The cost of energy security | Brussels Blog

The cost of energy security

posted by on 2nd Apr 2011

In an earlier post, Japan and nuclear power, Robert argued that

the nuclear industry will emerge strengthened rather than fatally weakened [from the Japanese nuclear scare]. With some justification they can say that having stared into the abyss we have emerged relatively unscathed. Obsolete reactors built in the most earthquake troubled region of the world have endured an apocalyptic event. Design faults have been identified and can be rectified.

That assessment may be correct but let’s not do it on the cheap. A recent article in the Guardian by Natalie Kopytko sounded a note of caution regarding rising sea-levels and bigger storm surges. She has a piece published January issue of Energy Policy, Climate Change Nuclear Power and the Adaptation/Mitigation Dilemma. This paper ends

Achieving the desired level of safety, and minimising the impact to climate change adaptation will likely be too expensive at many locations. Therefore, according to the criteria outlined here, nuclear power is not and will not be a suitable mitigation measure.

Natalie Kopytko briefly mentions the possibilities of tsunamis and her paper concerns nuclear power stations in the USA. But in the North Sea and the North Atlantic, there have been very large ones starting in Norwegian seas. Of the largest of these Wikipedia says

The three Storegga Slides are considered to be amongst the largest known landslides. They occurred under water, at the edge of Norway’s continental shelf (Storegga is Norwegian for the “Great Edge”), in the Norwegian Sea, 100 km north-west of the Møre coast, causing a very large tsunami in the North Atlantic Ocean. This collapse involved an estimated 290 km length of coastal shelf, with a total volume of 3,500 km3 of debris.[1] Based on carbon dating of plant material recovered from sediment deposited by the tsunami, the latest incident occurred around 6100 BC.[2] In Scotland, traces of the subsequent tsunami have been recorded, with deposited sediment being discovered in Montrose Basin, the Firth of Forth, up to 80 km inland and 4 metres above current normal tide levels.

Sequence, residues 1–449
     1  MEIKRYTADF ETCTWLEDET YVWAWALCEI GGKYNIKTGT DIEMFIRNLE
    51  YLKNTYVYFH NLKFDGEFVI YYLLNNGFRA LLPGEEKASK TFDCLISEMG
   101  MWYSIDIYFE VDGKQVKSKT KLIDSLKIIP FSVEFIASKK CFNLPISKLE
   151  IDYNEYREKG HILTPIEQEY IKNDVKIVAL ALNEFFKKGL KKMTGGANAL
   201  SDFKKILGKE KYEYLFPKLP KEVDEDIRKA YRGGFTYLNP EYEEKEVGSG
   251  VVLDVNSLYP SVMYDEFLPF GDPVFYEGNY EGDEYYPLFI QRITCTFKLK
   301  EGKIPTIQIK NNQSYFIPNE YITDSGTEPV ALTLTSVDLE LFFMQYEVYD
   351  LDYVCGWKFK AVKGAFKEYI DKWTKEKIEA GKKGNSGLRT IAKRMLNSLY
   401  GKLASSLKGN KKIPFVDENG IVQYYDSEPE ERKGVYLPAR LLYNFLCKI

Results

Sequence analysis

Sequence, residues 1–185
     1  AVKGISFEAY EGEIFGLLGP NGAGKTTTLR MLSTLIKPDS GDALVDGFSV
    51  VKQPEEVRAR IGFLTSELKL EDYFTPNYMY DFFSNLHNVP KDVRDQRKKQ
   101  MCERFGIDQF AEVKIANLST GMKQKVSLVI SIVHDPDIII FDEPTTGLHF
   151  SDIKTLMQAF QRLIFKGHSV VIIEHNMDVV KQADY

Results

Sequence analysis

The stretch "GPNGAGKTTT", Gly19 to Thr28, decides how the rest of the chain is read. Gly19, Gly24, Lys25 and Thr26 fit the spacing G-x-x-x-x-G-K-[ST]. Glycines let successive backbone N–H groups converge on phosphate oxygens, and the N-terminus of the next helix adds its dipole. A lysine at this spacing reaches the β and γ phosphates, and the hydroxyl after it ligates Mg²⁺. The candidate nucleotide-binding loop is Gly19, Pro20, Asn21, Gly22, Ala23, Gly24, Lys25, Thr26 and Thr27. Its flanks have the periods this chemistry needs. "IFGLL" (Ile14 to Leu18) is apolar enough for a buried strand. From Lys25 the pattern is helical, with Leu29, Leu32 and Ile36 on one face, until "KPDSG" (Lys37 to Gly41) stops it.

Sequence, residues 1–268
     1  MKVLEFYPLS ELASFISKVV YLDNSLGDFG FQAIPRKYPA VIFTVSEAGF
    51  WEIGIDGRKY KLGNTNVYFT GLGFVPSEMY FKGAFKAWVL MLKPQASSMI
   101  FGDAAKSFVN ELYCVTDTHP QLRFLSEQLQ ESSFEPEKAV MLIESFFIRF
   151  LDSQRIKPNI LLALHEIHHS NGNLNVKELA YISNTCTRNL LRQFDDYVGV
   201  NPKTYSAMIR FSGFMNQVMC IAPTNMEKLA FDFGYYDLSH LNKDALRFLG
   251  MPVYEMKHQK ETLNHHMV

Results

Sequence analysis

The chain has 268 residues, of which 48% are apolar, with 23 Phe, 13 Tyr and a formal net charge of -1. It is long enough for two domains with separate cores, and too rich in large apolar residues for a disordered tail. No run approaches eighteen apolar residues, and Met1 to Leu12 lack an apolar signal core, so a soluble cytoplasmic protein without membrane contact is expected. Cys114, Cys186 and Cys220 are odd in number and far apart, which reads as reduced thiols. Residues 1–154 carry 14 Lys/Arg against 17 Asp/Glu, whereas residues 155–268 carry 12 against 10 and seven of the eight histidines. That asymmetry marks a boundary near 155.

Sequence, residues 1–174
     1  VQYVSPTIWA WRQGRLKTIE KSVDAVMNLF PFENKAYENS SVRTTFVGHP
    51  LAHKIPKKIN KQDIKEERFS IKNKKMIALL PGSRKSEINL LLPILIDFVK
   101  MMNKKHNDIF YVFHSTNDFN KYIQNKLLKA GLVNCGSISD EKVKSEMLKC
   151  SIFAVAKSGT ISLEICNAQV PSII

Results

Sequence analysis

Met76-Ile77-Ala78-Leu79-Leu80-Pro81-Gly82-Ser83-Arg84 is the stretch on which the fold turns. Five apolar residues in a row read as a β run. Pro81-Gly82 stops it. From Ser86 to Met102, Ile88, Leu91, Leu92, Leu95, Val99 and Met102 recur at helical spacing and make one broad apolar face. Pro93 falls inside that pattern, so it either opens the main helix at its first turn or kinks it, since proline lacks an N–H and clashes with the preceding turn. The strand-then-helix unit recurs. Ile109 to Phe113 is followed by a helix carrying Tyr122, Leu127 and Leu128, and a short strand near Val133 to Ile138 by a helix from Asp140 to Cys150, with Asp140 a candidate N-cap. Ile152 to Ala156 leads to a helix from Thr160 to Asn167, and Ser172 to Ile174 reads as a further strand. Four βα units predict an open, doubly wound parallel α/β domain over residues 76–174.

6100 BC may a long time ago but this danger could increase with climate change. There are worries that tsunamis may be triggered by increased seismic activity as the weight of the Ice sheets is redistributed in the oceans. I hope Dr Weightman, who is conducting a review of the safety of nuclear power stations will take this into account. A note to him follows.

Geoff Beacon

Note for Dr Mike Weightman

Are there additional concerns on the safety of nuclear power?

Dear Dr Weightman,

I understand that you are conducting a review on the safety of nuclear power plants following the recent events in Japan.

I have consulted the following: Review of medium to long term coastal risks associated with British Energy sites: Climate Change Effects – Final Report, by Mark L Gallani, Met Office 22 February 2007. I make the following comments:

Missing climate feedbacks

The report relies on the HadRM3 Regional Climate Model. This may underestimate or omit the effects of certain climate feedbacks which are mentioned on the NERC website:

  • reduced sea ice cover – reflecting less of the sun’s heat back out to space, changing ocean circulation patterns
  • less carbon dioxide absorption by the oceans
  • increased soil respiration
  • more forest fires
  • melting permafrost
  • increased decomposition of wetlands

Increased possibility of tsunamis

The report makes no reference to the possibility of tsunamis. Certain scientists have mooted the possibility of tsunamis originating in the seas near Norway, the probability of which is increased if the frequency of earthquakes increase: I note

1. Scientists link melting glaciers to earthquakes: Experts ponder whether tectonic activity increasing,

2. Dangerous Gaps in Knowledge

A computer model designed by Norwegian scientists shows the possible consequences of a mega-landslide. They have forecast the progression of a disaster: Minutes after the landslide 14-meter-high waves would hit Norway’s coast, with fatal results, as many cities lie at sea level or in bays with sharply canted floors, where the waves would rise even higher. After three hours 20-meter-high breakers would crash onto the Shetland Islands. Two hours later the Faeroe Islands would be covered in waves of up to 14 meters high. After six hours, the tsunamis would still be six meters high, tearing along Scotland’s beaches toward the coastal cities of Edinburgh, Aberdeen and Dundee. As they head southwards the waves would become smaller, the oscillating North Sea acting as a break.
Study Sees North Sea Tsunami Risk, Spiegel Online International

A recent paper on nuclear safety

I append Climate change, nuclear power, and the adaptation–mitigation dilemma, which the author has provided for me. It concerns nuclear power in the USA but some of its concerns may apply to the UK.

I hope your report will address these issues.

Yours faithfully

Geoff Beacon
28 march 2011

There are no comments.

Please Leave a Reply

TrackBack URL :